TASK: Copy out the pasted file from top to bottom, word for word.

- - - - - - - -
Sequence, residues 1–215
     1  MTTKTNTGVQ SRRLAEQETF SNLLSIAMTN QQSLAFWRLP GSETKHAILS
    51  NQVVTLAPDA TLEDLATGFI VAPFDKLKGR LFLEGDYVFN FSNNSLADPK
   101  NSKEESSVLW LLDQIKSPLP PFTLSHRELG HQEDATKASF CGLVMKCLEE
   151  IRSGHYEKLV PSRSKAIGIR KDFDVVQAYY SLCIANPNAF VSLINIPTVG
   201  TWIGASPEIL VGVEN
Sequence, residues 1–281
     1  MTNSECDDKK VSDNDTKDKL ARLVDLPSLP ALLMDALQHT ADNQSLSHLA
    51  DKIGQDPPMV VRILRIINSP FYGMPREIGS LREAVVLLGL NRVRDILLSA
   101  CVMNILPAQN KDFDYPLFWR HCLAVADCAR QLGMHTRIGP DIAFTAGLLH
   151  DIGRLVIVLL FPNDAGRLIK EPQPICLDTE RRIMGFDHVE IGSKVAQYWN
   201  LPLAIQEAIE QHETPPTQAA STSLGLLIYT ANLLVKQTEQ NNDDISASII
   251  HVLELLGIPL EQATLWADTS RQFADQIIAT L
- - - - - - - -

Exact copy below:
Sequence, residues 1–215
     1  MTTKTNTGVQ SRRLAEQETF SNLLSIAMTN QQSLAFWRLP GSETKHAILS
    51  NQVVTLAPDA TLEDLATGFI VAPFDKLKGR LFLEGDYVFN FSNNSLADPK
   101  NSKEESSVLW LLDQIKSPLP PFTLSHRELG HQEDATKASF CGLVMKCLEE
   151  IRSGHYEKLV PSRSKAIGIR KDFDVVQAYY SLCIANPNAF VSLINIPTVG
   201  TWIGASPEIL VGVEN
Sequence, residues 1–281
     1  MTNSECDDKK VSDNDTKDKL ARLVDLPSLP ALLMDALQHT ADNQSLSHLA
    51  DKIGQDPPMV VRILRIINSP FYGMPREIGS LREAVVLLGL NRVRDILLSA
   101  CVMNILPAQN KDFDYPLFWR HCLAVADCAR QLGMHTRIGP DIAFTAGLLH
   151  DIGRLVIVLL FPNDAGRLIK EPQPICLDTE RRIMGFDHVE IGSKVAQYWN
   201  LPLAIQEAIE QHETPPTQAA STSLGLLIYT ANLLVKQTEQ NNDDISASII
   251  HVLELLGIPL EQATLWADTS RQFADQIIAT L